It was a typical Dutch small town in the North Friesland region, so dull it barely had a name. That is, until one day someone removed all the road signs.
We're not just talking about a few spare stop signs, either. They utterly destroyed every single aspect of traffic control on every single road. No lane markings, no lines and no signs. Only directional signs, 15 traffic lights (as opposed to the previous 5,000) and complete anarchy.
Look out! She's got sophisticated societal ideals! And a bike pump!
Except that, surprisingly, things didn't go Mad Max in a heartbeat. Instead of holding impromptu street racing competitions in spiky dune buggies, people actually slowed down and paid extra attention to their surroundings. As a result, serious accidents took a dramatic nosedive. Pedestrian fatalities at some particularly risky junctions dropped to zero.
Yes, things got better.
The mysterious someone who had removed the signs had, of course, been the government. The whole thing was an experiment by town planners of the Friesland area who felt like seeing how pedestrians, drivers and cyclists would fare if left to their own devices. While the plan had all the makings of the biggest, most dickish practical joke in recorded history, the results were extremely positive. All stripped roads quickly became so safe that pedestrians could cross with their eyes closed.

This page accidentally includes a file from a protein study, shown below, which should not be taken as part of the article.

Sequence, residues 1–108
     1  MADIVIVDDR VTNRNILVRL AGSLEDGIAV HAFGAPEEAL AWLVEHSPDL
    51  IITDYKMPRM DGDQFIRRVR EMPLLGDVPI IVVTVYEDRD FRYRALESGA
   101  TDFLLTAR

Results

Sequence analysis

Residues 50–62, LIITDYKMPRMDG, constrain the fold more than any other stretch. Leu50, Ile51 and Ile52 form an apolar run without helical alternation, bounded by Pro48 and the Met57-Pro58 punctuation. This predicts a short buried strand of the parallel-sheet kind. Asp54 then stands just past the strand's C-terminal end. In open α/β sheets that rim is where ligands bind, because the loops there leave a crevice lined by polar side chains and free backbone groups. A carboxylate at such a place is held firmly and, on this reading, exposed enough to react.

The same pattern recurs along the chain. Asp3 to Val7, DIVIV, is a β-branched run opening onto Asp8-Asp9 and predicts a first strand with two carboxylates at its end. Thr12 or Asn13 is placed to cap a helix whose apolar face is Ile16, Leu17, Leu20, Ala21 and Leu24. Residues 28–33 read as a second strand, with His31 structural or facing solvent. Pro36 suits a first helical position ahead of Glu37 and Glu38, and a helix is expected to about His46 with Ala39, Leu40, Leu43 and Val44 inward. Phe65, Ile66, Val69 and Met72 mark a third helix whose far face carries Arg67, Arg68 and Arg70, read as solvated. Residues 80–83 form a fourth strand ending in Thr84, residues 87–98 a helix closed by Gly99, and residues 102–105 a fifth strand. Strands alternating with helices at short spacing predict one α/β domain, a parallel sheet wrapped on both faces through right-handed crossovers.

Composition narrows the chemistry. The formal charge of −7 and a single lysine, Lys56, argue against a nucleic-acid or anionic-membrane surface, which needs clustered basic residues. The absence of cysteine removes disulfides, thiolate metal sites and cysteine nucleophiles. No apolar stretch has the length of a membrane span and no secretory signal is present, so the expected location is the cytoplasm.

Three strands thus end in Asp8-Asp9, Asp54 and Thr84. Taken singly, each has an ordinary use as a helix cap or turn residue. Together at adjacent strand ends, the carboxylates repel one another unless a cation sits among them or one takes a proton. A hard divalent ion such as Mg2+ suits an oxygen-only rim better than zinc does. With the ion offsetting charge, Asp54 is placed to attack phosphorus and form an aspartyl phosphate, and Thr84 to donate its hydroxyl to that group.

Not that anything was particularly stopping them before.
The idea behind the experiment was the theory that relying on signs means you aren't paying as much attention to other people on the road. Remove the signs, and road users actually have to rely on their eyes and acknowledge each other. Also contributing to the safety is the fact that without signs to tell how fast to drive, town area traffic has instinctively slowed to an average 18 mph. The near-absence of traffic lights has helped traffic flow more smoothly, so the overall journey time doesn't slow down too much, either.
"Hey wait, is that car being operated by a human? Move on, good sir!"
The idea of sign-free traffic is spreading through Europe like wildfire. Germany, Sweden, Denmark, Austria and Belgium have all taken their first baby steps in removing theirs. Others still are considering giving it a go.
Mind you, the whole no-signs schtick only works on urban areas. We're no experts, but we're guessing the removal of, say, speed limits on a motorway would quickly result in Blues Brothers levels of wrecked vehicles.